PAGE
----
Get set for an easy ride on Bruigom Street
Published on 25 March 2021
Students and residents will soon have even more reason to enjoy walking and riding to school thanks to a new footpath being constructed on Bruigom Street, Norman Gardens as a result of funding from the School Transport Infrastructure Program (STIP).
The 1.5 metre wide footpath is perfectly positioned to encourage students to walk and cycle to school, and is located at the rear entrance of St Anthony’s Primary School.
Rockhampton Regional Council was fortunate enough to receive $56,000 through the Queensland Government’s STIP funding for the construction of the path.
The program provides funding to improve safety and operation at schools through new or improved infrastructure.
Rockhampton Region Mayor Tony Williams is pleased to see the new footpath underway and hopes that the path, once finished, will encourage more students to walk and ride to school.
“We know this is already a very popular route for St Anthony’s students and their families,” Mayor Williams said.
“This new path will not only make the ride to school a little smoother for those who already head this way, but hopefully it will also encourage even more students to hop on their bike or lace up their walking shoes before school.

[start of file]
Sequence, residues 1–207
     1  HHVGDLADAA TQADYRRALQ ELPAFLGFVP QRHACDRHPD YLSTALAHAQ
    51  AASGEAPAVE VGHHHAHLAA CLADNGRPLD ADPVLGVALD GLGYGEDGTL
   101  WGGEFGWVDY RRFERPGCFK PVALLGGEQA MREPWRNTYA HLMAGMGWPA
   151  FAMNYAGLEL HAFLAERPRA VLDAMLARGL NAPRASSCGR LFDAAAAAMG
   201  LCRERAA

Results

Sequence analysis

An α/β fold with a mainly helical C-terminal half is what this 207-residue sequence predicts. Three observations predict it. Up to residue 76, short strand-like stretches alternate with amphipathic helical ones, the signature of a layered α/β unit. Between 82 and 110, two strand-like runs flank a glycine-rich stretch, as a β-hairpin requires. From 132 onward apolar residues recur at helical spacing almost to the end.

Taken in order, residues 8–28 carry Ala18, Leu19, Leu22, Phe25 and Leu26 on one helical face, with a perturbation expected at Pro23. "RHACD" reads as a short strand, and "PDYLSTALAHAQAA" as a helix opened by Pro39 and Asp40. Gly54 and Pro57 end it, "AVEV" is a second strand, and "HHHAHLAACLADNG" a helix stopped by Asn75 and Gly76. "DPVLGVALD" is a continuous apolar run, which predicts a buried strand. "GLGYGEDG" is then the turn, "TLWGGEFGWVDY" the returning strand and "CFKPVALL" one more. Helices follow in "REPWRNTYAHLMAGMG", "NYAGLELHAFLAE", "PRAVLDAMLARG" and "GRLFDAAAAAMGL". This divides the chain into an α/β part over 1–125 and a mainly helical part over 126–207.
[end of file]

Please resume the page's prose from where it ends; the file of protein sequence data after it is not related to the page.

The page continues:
“Here at Council we know that one of the best things we can do to promote the benefits of walking and riding is to ensure that we have the right infrastructure in place, which is why we’re so proud to deliver projects like this one.
“Officers at Rockhampton Regional Council are currently working on a region-wide Cycling and Walking Strategy to guide where future paths and cycling lanes will go, and I’m looking forward to many more projects like this one.”
Divisional Councillor Shane Latcham is looking forward to more students using the footpath once complete.
“Nationwide over the past 40 years the number of children who are physically active everyday has significantly dropped,” Cr Latcham said.
“We know that physical activity such as walking or riding to school improves students’ ability to learn and concentration levels, so not only is it good for their physical health but also their cognitive development.
“National events like Ride2School Day, which saw more than 350,000 students walk and ride to school last Friday, are a great opportunity to get out there and make use of some of the many pathways in our region.”
For more information on STIP go to their website.
Some benefits of walking and riding to school:
- Keeps you healthy (it helps to prevent chronic disease)
- Helps build confidence
- Improves mood and wellbeing
- Reduces air pollution, noise pollution, traffic and our reliance on fossil fuels
- It’s free
- It’s fun!